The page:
The history of oppressed groups of people rings so loud and so clear with resilience, because they’re still here today. They’re still shouting and crying and doing whatever needs to be done to say, “I am human. I am here. I will be seen—if not by you, then by myself and my community.” That definitely shows up both in my written work and in my life.
This year has been especially difficult for me as an immigrant in America. As someone who works in a predominantly white space as a Black person, I have constantly and consistently had to push back and say, “I am human.” What has sustained me is having people and community who say, “I see you even if they don’t. And you have it in you to see yourself.” Those are some of the things that come up for me when I think about resilience.
GE: You mentioned your novella & This is How to Stay Alive. You’ve written two versions of that story, first a short story and then the novella, and these versions have different endings. Does the novella supersede the short story, or do they represent alternate possibilities?
SK: I would definitely go with the second. One of the things that I was trying to get across with this story is that there are multiple versions of the story—there always have been and always will be. I didn’t actually think about the differences when I was writing them. With the short story version, there was so much pain, so much Black, queer pain; and there wasn’t enough time to sit with both the joy and the pain for me to be okay leaving it ambiguous. Showing the fullness of that lived experience means showing that there is hope and joy existing side-by-side with the pain and hurt. Hence the happier ending.\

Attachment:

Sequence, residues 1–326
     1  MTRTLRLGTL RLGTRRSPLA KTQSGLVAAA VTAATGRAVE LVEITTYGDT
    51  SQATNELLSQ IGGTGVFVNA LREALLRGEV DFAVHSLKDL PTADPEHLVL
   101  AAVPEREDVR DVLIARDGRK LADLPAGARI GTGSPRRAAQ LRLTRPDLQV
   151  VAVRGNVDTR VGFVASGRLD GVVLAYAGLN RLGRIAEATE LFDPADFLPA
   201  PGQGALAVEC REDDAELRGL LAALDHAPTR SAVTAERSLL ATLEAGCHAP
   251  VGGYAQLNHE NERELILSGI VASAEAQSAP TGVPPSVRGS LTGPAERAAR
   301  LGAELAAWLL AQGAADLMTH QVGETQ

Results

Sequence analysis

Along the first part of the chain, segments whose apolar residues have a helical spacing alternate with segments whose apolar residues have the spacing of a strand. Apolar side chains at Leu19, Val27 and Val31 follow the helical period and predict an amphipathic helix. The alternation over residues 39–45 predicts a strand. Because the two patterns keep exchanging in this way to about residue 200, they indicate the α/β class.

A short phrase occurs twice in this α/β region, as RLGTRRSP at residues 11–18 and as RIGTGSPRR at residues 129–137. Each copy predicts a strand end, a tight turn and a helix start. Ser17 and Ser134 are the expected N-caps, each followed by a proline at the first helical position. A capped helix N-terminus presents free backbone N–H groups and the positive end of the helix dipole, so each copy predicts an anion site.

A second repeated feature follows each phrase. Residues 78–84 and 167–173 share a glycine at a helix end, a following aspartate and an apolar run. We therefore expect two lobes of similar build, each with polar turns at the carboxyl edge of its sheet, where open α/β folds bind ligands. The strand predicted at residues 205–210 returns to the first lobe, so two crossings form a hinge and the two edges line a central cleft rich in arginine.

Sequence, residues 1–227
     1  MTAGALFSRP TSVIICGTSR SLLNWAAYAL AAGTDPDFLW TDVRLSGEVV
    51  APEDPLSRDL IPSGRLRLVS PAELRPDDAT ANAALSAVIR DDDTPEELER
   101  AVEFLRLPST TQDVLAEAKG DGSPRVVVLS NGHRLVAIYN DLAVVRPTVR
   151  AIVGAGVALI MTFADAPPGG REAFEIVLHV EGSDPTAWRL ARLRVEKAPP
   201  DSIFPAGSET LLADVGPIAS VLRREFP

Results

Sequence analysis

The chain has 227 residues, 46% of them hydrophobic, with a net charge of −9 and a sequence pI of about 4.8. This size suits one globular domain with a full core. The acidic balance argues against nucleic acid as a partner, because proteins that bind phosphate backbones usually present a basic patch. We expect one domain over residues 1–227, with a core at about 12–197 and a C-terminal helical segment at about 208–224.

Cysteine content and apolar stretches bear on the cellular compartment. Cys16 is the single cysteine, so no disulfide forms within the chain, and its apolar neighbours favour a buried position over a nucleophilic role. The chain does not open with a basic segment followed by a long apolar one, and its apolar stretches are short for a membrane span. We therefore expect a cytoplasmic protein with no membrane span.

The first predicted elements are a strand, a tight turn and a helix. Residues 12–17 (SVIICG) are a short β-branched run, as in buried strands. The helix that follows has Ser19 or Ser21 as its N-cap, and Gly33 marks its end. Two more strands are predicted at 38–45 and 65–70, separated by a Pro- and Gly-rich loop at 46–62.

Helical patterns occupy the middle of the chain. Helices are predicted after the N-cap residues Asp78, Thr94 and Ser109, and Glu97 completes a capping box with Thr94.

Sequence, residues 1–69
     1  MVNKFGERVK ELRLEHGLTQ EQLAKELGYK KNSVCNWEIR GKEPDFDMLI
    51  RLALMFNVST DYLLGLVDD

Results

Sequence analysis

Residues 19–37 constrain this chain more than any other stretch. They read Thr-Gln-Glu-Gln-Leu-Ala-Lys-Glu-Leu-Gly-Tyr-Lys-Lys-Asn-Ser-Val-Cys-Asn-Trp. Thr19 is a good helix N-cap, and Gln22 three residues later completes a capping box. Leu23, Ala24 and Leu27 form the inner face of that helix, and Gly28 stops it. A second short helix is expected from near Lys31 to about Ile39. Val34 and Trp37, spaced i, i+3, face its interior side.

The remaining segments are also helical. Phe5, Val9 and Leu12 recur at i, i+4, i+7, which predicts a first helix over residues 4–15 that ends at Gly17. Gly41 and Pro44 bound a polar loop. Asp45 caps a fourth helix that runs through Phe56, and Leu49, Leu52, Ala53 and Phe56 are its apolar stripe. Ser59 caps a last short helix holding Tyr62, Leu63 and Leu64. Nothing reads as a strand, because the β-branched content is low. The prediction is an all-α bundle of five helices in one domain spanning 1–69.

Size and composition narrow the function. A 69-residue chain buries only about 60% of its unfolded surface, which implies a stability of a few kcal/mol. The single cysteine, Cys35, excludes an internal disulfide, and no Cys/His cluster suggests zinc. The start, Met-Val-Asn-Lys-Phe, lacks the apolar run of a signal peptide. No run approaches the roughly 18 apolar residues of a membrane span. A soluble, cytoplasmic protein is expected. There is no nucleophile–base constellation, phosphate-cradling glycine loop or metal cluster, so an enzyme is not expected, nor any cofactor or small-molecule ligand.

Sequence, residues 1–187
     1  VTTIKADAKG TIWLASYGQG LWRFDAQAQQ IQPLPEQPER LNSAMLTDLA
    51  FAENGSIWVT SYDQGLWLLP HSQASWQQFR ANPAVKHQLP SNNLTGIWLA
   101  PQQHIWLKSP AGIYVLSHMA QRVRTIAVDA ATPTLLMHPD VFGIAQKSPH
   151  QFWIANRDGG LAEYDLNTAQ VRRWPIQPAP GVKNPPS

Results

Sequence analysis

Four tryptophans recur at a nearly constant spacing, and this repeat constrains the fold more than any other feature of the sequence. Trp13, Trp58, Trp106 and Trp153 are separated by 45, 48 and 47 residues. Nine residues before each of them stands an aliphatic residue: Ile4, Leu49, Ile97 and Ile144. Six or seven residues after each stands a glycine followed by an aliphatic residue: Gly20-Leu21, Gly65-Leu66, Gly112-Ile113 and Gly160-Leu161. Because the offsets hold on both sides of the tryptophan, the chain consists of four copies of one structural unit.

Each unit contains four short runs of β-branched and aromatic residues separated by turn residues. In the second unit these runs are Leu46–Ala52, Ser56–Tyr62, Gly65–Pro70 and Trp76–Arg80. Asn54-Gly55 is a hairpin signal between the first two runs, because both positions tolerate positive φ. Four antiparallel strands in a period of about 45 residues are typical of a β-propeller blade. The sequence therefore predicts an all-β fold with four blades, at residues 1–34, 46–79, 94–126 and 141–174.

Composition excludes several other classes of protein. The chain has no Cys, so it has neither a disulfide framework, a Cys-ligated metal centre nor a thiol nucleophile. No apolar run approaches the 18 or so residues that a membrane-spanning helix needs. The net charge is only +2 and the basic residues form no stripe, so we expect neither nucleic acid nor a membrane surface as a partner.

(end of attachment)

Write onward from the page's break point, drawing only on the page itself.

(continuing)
Within the novella, I had a longer amount of time to delve into the history, into the generational trauma, into the processing and the actual grieving itself. I could show how long that took and sit with the characters as they were going through it. This made it more okay for the ending to be ambiguous because we had processed a lot of the pain throughout the story together. I definitely think that they exist side-by-side as different possibilities, and I’d love for readers to imagine alternative possibilities to the ones that I’ve presented.